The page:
Most common mistakes
- Assuming your first measurement is accurate
- Not using a template when many pieces need to be cut or drilled
at the same time
- Not measuring more than once
- Tape measure
- Chalk line
- Plumb bob
- Carpenter’s Pencil
Any job requires accurate measurements. Your measurements may
include (depending on your project) spaces, length, height, width,
depth, amounts (i.e. landscaping materials) and angles (i.e. crown
mouldings, wainscots, etc.). Without accurate measurements, your
project will be a sloppy one.
Obviously to get things straight and installed properly, leveling
is very important. For someone like me, who is vertically challenged,
using my eye it may look level from my height, but it isn’t.
So, leveling is key, otherwise, things are not straight, plumb or
My brother, who is in the construction field, constantly reminds
me that things are not straight: there is no such thing as a
straight wall, floor or ceiling nor are they flat. There is
no such thing as a perfect angle (otherwise crown moulding would
be a breeze to install). So, do not assume that if you take a measurement
on one side of the room it is the same on the other side.
When drawing your marks, always use a carpenter’s level.
A torpedo level should be used only when you are dealing with small
items, i.e. hanging a picture or a small shelf. My brother has taught
me not to measure from the floor up or from the ceiling down for
the reasons cited above: nothing is perfectly straight.
Mark your measurements at frequent intervals and use a long straightedge
to draw lines or your pencil dots. Check right angles with a square.
Using a tape measure
A blade that is 1 " or more wide is safer and easier to use.
When making inside measurements, add the measurement of the tape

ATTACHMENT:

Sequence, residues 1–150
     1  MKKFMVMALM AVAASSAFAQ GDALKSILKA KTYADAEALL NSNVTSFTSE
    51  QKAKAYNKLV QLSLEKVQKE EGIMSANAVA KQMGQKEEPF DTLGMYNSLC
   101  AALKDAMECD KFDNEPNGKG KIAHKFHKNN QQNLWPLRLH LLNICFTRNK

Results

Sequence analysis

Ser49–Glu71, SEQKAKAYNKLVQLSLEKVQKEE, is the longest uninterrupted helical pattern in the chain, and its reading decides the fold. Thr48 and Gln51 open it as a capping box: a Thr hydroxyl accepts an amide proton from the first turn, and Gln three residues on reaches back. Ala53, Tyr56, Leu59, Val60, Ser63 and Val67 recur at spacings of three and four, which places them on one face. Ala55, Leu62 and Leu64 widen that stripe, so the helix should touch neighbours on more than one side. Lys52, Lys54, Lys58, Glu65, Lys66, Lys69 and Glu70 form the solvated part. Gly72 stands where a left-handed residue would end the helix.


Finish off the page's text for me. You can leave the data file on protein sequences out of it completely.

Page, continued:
case, usually marked on the case. Keep the tape measure straight
and level – the slightest angle will impact accuracy.
Using a Square
Squares are used for laying out work, checking for squareness
during assembly, and marking angles. The carpenter's square (framing
square) is used for marking true perpendicular lines to be cut on
boards and for squaring some corners. One leg is 24" long and
2" wide, the other, 16" long and 1 1/2" or 2" wide.
The better types have a number of tables, conversions, and formulas
stamped on the side to simplify many woodworking tasks.
Another type of square is the combination square. It
has a movable handle that locks in place on the 12" steel rule.
It is used to square the end of a board, mark a 45-degree angle
for miter cuts and makes quick level checks with the built-in spirit
Using a Chalk line
This is a string or line coated with colored chalk used to transfer
a straight line to a working surface easily and accurately. Useful
in landscape projects. Pull the line out, hold it tight between
the your two points of measurement, and then snap it to leave a
Using a Level
Levels are used to make sure your work is level (true horizontal)
or plumb (true vertical). Always use the longest level possible.
The torpedo level is 8" or 9" in length, with vials that
read level, plumb, and 45 degrees but use it for only small pieces.
A two-to-four-foot level is a must for any home woodworking project
Using a Plumb Bob
This is a heavy, balanced weight on a string, which you drop from
a specific point to locate another point exactly below it or to determine
true vertical. A plumb bob will automatically create a vertical
line when it is hanging free from the top. It is useful when hanging